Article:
Our local Farmer’s market, held at the Festhalle, has been busy this summer, purely because of the excellent produce and value, compared to jacked up super market prices And people still keep arguing that transportation costs don’t result in higher prices. Check the price of gas, because Scotty did not beam that food to Publix.
Every ingredient, save for two, came from either the Festhalle or our front yard. I’ll differentiate those in the ingredients list.
1 tablespoon Italian Olive oil
1/2 medium Onion, Chopped (Festhalle)
1 sweet Pepper (Homegrown}
4 plum Tomatoes, Chopped (Festhalle)
2 Oyster Mushrooms (Festhalle)
Saute the onions, peppers, and mushrooms in the olive oil, and when done add the tomatoes and cook for a further minute. Mix together—
3 extra large Eggs (Homegrown)
1/2 cup shredded Vermont Cheddar Cheese
Chopped Parsley (Homegrown)
Sea Salt and Pepper
Pour the egg mixture into the veg, and cook this frittata style–let the eggs begin to set, and then throw the skillet into a 400 degree F oven, until the omelette is done to your liking. Alas, poor supermarket. Only two imported items, from Italy and Vermont. Wait, the cast iron skillet is from Tennessee, another exotic foreign country.
Wild birds don’t get taken in by scares about bird flu or other corporate derived scams, such as inflated gasoline prices (see under the heading “Windfall Profits”). They just go about the business of being birds, and will take advantage of every structure we build, freeloaders that they are. I really can’t blame them, since we invaded their spaces.
First example has the be the earliest nesters, the Bluebirds. They regularly take advantage of the old Bluebird nesting box I made, at least when it is not inhabited by flying Squirrels, which actually prefer the Wren nesting box. Our new family fledged in April, which I know to be the month because one of the fledglings almost flew into the back of my head, while on one of its training flights. Never fear–father Bluebird was right behind him, teaching by example. Junior has now discovered our bird bath, and slings water out of it like an outboard motor.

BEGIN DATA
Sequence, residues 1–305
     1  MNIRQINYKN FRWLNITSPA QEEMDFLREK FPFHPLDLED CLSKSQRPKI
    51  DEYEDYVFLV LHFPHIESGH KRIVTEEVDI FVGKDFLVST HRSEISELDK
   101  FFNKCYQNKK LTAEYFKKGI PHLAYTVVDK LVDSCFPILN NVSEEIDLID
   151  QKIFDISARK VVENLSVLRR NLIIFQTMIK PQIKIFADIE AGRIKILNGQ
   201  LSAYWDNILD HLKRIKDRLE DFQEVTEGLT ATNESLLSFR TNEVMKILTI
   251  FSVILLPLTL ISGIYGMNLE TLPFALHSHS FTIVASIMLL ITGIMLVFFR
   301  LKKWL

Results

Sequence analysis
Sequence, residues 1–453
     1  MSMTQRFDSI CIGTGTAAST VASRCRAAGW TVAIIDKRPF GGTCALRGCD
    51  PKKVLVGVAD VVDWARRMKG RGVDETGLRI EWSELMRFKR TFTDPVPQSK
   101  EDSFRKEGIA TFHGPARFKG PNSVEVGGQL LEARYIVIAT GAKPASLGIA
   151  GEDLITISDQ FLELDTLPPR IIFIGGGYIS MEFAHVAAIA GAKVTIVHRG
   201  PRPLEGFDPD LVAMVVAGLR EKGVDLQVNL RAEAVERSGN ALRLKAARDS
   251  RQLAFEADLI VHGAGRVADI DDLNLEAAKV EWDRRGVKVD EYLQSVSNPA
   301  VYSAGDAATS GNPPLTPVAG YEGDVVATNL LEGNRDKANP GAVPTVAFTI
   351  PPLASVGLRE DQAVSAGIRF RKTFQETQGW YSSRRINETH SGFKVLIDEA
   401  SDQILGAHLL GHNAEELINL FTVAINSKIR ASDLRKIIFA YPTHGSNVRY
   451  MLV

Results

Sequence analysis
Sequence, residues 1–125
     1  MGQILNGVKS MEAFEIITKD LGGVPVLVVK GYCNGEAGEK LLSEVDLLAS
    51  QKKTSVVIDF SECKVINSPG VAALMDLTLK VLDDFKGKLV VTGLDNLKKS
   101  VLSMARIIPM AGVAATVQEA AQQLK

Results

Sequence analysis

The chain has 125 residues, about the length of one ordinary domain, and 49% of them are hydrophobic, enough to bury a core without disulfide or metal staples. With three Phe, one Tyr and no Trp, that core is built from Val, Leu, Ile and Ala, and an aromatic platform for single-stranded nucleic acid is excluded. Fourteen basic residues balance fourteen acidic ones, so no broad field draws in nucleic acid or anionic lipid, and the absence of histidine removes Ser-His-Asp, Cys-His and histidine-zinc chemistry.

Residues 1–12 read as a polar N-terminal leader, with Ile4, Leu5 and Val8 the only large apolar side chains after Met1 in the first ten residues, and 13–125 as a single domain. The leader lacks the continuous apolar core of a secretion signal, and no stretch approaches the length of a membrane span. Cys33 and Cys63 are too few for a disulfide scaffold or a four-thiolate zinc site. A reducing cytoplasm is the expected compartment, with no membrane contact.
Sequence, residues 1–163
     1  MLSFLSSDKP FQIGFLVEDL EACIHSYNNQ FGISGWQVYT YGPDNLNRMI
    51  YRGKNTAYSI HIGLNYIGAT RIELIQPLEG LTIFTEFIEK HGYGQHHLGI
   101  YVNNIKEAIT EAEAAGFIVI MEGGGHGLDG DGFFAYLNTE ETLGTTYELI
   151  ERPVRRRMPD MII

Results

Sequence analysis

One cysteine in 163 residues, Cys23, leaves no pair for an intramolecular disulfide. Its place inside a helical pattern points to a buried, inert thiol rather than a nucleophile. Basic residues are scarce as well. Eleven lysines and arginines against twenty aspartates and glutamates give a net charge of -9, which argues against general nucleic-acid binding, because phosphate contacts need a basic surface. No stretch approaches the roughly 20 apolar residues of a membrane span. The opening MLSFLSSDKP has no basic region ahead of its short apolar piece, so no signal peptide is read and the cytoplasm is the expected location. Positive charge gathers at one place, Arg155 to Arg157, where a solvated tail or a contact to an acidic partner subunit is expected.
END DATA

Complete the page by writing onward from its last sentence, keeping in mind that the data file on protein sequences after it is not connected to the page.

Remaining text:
A perennial spring inhabitant of our house are the Flycatchers, who prefer nesting in the structure under our deck. This year they changed from nesting under our porch, to nesting just outside and left of our door from our walkout basement, onto our patio. The nest was masterpiece of bird architecture, and before we knew it there were four bird sized fledglings staring down at us every time we walked out of our door. The last few days they would sit up on the edge of the nest, and examine us with a sour expression, while the mother chirped at them from understory bushes nearby. My translation was from Flycatcher to English: You fat kids get out of there, and come and learn how to catch your own food.
One day, the biggest kid was gone, and there were only three. The mother kept chirping at the others. By noon the next day, there were two. By sunset, there were none. Happy fly catching to all of them.
Hummingbirds are a whole different story. They nest here, but only a storm blown nest will give away the location. Their favorite appears to be a white Oak right outside of our house, which we saved from our dipstick fill dirt people who piled dirt up three feet around it. We excavated it from that, so we claim it as part of our structure. Multiple Hummers are now chasing each other all around our house, probably charges from a nest around there.
And then there is the king of the birds, the Wren. To my knowledge they have never nested in our wren box, preferring to go their own way. They normally nest in our hanging Boston Ferns on our porch, but a wren is going to wren. This year they nested in the regional flower of the rural South, a satellite dish. This deserves a great Irish song by The Chieftains, “The Wren in the Furze.”
The wren oh the wren he’s the king of all birds,
On St. Stevens day he got caught in the furze,